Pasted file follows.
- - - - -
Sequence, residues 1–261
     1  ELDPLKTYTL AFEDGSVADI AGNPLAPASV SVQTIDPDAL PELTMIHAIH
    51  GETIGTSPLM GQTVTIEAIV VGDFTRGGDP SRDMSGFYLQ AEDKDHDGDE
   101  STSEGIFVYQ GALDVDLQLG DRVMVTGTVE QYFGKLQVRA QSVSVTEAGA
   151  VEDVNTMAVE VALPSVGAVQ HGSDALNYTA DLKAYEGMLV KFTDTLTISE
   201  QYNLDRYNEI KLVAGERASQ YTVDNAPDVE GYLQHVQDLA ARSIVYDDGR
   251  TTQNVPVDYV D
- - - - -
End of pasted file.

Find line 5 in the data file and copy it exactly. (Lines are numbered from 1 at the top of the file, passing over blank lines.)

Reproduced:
   151  VEDVNTMAVE VALPSVGAVQ HGSDALNYTA DLKAYEGMLV KFTDTLTISE